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						WINNIPEG, FOSTUDAGUR 6. DESEMBER 1985-3
Animation Central
by Gene Walz
The   History   of   Animation   in
Winnipeg
"It's a great talent," according to
LaRoche-foucauld, "to be able to con-
ceal one's talents." If he's right, then
Winnipeg's animators must be
among the most talented in the
galaxy.
Consider the following:
—  Winnipeg has a longer and
steadier 'history' of animation than
most other cities in North America,
dating back to perhaps 1910;
— the designer of one of the most
famous creatures in cartoon history,
Bugs Bunny, was from Winnipeg;
—  during the 1950s one Winnipeg
company was among the largest
animation houses in the world,
employing thirty people full-time to
create animated commercials;
—  for the past six years CBC tele-
vision has broadcast more examples
of animation made in Winnipeg than
NHL hockey games;
—  Winnipeg's current group of
animators have won more than a
dozen international film awards since
1979.
If this is all news to you, you are
not alone. Winnipeg animation has to
now been, unfortunately, one of the
best kept secrets in the movie busi-
ness. But this is about to change. Dur-
ing 1985 the Prairie production office
of the National Film Board will
release four short animated movies:
Brad Caslor's Get ajob, Richard Con-
die's The Big Snit, Alan Pakarnyk's
Carried Away, Cordell Barker's
The Cat Came Back. With luck, the
animations, past and present, will
finally get the recognition they
deserve.
Winnipeg, like Kansas City —
where Walt Disney got his start —- is
not as unlikely a place for animation
as it might seem. As a transportation
centre, it has been directly connected
to the latest developments in twenti-
eth century culture, yet isolated
enough to have to rely on its own re-
sources. It has a hardy arts com-
munity and a School of Fine Art to
supply the talent and training. Its
climate (those notorious long, cold,
lonely nights) gives people the time
and perhaps instills in them the pa-
tience to labour over the necessary
twelve to twenty-four drawings per
second used in animation. And, more
importantly for animation than for
any other kind of film, it is a centre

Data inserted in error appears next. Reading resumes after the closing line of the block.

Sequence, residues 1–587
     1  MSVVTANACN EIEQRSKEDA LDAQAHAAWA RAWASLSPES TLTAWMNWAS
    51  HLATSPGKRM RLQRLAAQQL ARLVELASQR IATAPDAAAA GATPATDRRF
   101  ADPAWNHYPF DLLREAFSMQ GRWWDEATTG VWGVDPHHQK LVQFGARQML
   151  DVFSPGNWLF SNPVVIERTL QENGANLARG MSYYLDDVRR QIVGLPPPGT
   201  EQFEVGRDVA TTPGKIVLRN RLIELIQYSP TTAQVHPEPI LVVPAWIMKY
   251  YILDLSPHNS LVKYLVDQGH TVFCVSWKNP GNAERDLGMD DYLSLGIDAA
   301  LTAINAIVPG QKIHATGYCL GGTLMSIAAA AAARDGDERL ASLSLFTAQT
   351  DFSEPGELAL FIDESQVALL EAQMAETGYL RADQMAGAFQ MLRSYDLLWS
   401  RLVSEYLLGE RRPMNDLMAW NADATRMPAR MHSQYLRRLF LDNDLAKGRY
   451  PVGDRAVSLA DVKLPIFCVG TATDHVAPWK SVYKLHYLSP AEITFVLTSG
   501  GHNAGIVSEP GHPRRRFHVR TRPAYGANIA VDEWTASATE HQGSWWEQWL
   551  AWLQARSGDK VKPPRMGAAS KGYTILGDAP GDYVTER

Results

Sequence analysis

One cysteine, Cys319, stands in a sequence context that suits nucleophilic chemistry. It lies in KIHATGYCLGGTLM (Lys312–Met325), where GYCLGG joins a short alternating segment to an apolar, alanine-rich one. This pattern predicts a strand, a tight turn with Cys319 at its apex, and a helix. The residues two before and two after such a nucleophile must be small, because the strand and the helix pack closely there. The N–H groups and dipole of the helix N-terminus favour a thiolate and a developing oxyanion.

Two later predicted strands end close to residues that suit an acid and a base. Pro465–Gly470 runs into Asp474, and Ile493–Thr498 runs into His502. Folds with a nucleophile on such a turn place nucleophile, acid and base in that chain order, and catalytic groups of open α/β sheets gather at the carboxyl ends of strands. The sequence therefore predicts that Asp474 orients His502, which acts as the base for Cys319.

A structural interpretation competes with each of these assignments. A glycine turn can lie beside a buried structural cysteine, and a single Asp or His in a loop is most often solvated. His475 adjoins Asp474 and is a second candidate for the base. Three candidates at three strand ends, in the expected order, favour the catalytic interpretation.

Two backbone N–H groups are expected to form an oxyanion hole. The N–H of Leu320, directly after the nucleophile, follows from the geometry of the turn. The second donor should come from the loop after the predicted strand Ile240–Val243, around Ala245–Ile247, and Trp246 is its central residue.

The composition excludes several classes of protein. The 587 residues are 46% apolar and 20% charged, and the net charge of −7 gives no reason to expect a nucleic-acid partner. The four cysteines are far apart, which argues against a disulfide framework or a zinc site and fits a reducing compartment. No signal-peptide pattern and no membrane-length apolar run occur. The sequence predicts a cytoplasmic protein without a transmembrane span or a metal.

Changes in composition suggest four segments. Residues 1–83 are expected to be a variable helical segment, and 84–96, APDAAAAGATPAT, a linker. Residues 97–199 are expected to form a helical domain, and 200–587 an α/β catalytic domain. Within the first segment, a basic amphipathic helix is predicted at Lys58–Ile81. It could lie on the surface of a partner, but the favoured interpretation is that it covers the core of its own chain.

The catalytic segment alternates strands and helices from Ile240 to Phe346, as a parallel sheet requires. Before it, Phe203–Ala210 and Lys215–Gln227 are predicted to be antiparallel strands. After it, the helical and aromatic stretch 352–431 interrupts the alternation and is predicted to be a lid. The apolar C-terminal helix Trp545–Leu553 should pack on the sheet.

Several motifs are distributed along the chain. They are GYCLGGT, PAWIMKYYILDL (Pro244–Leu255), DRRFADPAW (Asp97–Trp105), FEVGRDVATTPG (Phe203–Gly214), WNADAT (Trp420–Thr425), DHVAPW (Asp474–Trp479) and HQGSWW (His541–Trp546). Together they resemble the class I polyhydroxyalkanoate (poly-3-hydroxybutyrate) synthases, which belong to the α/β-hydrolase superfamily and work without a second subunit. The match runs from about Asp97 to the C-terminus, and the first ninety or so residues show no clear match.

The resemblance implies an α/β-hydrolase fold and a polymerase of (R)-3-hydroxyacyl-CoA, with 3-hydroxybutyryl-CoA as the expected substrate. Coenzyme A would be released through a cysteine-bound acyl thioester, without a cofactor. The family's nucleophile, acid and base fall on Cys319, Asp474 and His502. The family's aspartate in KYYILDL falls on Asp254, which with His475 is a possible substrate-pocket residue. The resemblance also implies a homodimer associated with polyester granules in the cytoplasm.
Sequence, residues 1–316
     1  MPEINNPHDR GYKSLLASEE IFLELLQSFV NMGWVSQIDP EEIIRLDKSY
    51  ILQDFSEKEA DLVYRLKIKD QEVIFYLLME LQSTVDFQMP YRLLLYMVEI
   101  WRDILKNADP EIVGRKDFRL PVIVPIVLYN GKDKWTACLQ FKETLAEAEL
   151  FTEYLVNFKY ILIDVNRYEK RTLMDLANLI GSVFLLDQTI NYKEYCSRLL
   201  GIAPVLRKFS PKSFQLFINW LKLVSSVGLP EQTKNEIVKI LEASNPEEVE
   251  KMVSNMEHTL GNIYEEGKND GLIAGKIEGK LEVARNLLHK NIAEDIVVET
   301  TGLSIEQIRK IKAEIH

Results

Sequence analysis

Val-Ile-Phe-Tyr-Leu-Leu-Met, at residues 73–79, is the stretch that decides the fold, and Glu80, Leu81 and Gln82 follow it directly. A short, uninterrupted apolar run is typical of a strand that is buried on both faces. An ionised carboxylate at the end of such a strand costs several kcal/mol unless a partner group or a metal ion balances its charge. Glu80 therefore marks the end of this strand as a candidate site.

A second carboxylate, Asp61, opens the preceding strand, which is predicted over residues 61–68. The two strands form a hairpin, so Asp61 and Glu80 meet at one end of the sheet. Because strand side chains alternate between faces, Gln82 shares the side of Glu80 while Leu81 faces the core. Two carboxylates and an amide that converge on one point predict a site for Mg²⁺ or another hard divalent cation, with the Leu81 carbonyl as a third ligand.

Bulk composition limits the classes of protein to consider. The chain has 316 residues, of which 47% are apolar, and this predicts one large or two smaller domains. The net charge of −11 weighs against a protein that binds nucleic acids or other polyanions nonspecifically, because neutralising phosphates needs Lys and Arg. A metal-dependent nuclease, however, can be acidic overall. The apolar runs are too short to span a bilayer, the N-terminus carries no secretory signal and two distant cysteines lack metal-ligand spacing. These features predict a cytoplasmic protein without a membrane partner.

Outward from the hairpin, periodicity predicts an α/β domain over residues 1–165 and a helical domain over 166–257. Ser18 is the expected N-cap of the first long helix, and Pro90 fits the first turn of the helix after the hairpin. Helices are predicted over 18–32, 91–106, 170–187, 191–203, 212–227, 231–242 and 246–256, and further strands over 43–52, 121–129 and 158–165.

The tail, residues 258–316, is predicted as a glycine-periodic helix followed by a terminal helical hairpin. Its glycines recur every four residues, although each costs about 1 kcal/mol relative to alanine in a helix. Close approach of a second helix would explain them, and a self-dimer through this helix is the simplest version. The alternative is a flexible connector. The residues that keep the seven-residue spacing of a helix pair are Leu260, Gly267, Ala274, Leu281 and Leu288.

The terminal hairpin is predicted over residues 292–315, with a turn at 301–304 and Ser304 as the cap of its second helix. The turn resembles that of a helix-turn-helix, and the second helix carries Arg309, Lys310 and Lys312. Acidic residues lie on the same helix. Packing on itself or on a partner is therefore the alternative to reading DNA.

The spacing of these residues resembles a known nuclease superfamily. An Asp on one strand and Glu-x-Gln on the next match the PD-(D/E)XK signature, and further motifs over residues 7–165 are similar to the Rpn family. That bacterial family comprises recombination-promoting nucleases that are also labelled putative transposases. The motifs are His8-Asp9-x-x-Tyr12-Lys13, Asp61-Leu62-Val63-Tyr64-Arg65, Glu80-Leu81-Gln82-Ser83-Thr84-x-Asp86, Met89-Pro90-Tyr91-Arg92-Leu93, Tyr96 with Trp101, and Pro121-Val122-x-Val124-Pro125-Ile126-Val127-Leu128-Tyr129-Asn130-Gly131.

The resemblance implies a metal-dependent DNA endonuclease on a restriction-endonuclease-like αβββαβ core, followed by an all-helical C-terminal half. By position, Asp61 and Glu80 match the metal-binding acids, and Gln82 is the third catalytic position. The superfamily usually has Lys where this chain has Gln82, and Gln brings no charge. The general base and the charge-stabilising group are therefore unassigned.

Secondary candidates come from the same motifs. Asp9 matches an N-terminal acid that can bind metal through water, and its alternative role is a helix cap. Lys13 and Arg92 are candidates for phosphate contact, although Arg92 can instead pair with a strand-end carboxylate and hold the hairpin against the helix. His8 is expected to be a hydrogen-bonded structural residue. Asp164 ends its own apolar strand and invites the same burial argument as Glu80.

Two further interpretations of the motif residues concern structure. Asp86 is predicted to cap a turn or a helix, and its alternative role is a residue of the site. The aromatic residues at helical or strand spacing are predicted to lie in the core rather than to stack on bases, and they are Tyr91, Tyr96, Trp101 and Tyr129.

of commerce; for animators need
commercials to sustain themselves.
The oldest existing animation made
in Winnipeg is ample proof of this
commercial connection. It is part of
a promotional film entitled The Man
Who Woke Up, written by William
Ganson Rose and directed by J.A.
Norling for the Federated Budget
Board of Winnipeg in 1919. The film
tells the story of a miser who refuses
to give to charities. A visit to a
hospital full of small children re-
unites him with his lost, orphaned
grand-daughter. Back home he falls
asleep, and his dream is presented as
a blue-tinted cartoon. "In cartoon-
ology", according to the National
Film Archives catalogue, "he sees the
charities closed, the hospital closed,
and awakens to the horrible realiza-
tion that if he does not give, these
terrible things might become a re-
ality." Nothing is known about Norl-
ing and the making of this film except
that he went on to make movies in
the United States.
If Norling is the grandfather of
Winnipeg animation, then Jean Arsin
is probably the great-grandfather and
Charles Lambly its most illustrious
early ancestor. According to film-
maker Francis J.S. (Frank)
Holmes, sometime around 1910 or
1911 Arsin was making 35mm ani-
mated movies featuring articulated
puppets in a sandlot and a tarpaper
shack on Selkirk Avenue. Unfor-
tunately, no evidence of these movies
now seems to exist. Lambly created
the most ambitious animated movie
in the history of Winnipeg animation,
a twenty to twenty-five minute film